It's taken me long enough, but I have finally got into the brilliant sound and lyricism of Alt-J (∆). 

The British four-piece met at Leeds university, and after a couple of previous, less Google-able names, settled on the command on a Mac keyboard used to produce the Greek letter Delta. According to guitarist and bassist Gwil Sainsbury, 'In mathematical equations it's used to show change.' 

Ah, the thinking man's pop band. 

Initially making success with suitably geometrically-titled single Tessellate from debut album An Awesome Wave, certain tracks have grown in internet stardom. My favourite, the beautiful Taro, has spawned an extremely moving National Geographic style video.

It's more moving when you understand the premise of the song: Like several tracks on AAW, Taro tells a somewhat tragic story. In this case, the love story of famous war photographer Robert Capa and revolutionary journalist/photographer Gerda Taro. (I previously posted about Robert Capa's photos, truth in media, etc, in THIS POST mostly concerning Susan Sontag's critical essay Regarding the Pain of Others). 

They met during the Second World War, often publishing photographs under the joint name Robert Capa. They became lovers. Towards the end of the war, Taro was killed in a battle in Spain. Reportedly they were engaged at the time. Capa never married. Years later, he was killed by a landmine in Indochina. His work, which was highly provocative at the time for showing the truth and horror of conflicts such as the Spanish Civil War, the Second Sino-Japanese War and WWII, inspired a generation of photographers and journalists and has left a powerful legacy. A few years ago I went to an exhibition at the Barbican featuring and inspired by his photographs and brutal, sensitive images of war. 

The lyrics follow the moment Robert Capa is killed, thinking how he will soon be reunited with Gerda Taro. It is so refreshing to read/hear such moving lyrics/melodies that exist in fairly mainstream pop music, which are so un-egotistical. This story is not about the singer, the band, their image, etc. It's about the connection they feel to this story, to these remarkable people who were separated forever by the life they chose to live, doing what they felt was right. (Put that in your pipe and shake your arse to it, Nicki Minaj). The video is of course extremely appropriate given their professions, nicely edited to the song. Well done mysterious Youtuber.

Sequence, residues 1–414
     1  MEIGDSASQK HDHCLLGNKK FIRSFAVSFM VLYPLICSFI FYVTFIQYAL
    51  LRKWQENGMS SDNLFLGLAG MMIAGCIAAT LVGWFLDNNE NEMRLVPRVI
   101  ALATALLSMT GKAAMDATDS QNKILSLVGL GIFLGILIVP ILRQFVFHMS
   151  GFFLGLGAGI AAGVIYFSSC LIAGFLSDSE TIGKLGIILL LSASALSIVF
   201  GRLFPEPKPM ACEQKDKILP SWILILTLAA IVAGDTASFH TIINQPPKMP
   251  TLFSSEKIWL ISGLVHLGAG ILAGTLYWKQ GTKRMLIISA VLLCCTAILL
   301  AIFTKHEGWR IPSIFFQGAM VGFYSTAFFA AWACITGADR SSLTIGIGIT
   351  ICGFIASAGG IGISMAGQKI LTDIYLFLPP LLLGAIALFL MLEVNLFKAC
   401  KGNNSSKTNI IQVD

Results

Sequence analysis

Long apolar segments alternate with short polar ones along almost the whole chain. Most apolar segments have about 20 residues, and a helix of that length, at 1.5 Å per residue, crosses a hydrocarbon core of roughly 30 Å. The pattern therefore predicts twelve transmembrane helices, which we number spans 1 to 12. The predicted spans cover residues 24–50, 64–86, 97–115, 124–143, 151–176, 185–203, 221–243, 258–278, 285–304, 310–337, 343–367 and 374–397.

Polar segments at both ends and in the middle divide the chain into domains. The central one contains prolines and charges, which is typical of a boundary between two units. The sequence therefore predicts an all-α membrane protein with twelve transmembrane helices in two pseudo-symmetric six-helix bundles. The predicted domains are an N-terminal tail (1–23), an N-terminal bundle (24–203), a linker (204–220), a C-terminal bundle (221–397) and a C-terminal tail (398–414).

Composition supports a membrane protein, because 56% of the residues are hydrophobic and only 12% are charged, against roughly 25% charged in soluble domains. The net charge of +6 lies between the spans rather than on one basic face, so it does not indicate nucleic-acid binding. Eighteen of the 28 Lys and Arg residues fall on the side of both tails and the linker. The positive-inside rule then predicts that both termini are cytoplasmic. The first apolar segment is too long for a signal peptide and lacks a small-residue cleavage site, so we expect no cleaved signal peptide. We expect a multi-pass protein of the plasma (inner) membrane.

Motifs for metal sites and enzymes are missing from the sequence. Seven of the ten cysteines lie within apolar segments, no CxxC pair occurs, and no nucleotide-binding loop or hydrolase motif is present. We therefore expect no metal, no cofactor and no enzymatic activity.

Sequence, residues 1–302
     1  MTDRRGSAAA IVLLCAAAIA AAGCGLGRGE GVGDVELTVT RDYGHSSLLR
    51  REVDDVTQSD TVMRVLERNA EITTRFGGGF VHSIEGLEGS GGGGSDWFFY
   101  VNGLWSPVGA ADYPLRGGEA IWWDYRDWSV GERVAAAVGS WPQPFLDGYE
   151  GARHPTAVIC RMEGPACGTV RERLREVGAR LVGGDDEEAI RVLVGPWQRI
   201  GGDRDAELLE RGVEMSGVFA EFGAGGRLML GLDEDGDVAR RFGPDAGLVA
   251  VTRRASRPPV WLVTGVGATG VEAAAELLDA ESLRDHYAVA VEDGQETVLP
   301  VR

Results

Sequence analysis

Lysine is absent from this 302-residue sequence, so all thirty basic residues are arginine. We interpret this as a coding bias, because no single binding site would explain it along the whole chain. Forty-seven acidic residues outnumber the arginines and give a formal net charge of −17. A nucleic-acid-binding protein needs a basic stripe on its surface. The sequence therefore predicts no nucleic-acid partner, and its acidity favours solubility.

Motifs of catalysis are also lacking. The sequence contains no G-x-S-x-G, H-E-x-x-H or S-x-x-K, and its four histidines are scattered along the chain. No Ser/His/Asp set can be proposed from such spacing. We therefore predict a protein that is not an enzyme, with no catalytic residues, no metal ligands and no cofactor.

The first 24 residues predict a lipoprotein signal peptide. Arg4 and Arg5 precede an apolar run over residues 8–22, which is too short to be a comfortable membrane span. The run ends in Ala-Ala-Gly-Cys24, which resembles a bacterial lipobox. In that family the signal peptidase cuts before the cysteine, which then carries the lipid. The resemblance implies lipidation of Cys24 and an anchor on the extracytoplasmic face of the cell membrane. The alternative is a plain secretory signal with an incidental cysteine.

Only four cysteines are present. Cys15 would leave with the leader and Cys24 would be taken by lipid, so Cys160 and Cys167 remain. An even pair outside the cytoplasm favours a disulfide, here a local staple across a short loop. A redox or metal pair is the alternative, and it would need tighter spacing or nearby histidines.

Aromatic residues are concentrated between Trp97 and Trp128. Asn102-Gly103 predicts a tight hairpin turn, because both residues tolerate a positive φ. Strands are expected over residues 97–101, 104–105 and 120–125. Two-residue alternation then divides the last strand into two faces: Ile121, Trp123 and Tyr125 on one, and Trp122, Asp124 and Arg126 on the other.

I've read that a writer is only a reporter for what they have lived. In the previous post, the journalist becomes the story - part of the message. Perhaps a musician can be a camera, rather than a photo. 

by ALT-J

"Indochina, Capa jumps Jeep, two feet creep up the road
To photo, to record meat lumps and war,
They advance as does his chance – very yellow white flash.
A violent wrench grips mass, rips light, tears limbs like rags,
Burst so high finally Capa lands,
Mine is a watery pit. Painless with immense distance
From medic from colleague, friend, enemy,
foe, him five yards from his leg, From you Taro.
Do not spray into eyes – I have sprayed you into my eyes.
3:10 pm, Capa pends death, quivers, last rattles, last chokes
All colours and cares glaze to grey, shrivelled and stricken to dots,
Left hand grasps what the body grasps not – le photographe est mort.
3.1415, alive no longer my amour, faded for home May of '54
Doors open like arms my love, Painless with a great closeness
To Capa, to Capa Capa dark after nothing,
re-united with his leg and with you, Taro.
Do not spray into eyes – I have sprayed you into my eyes.
Hey Taro! "

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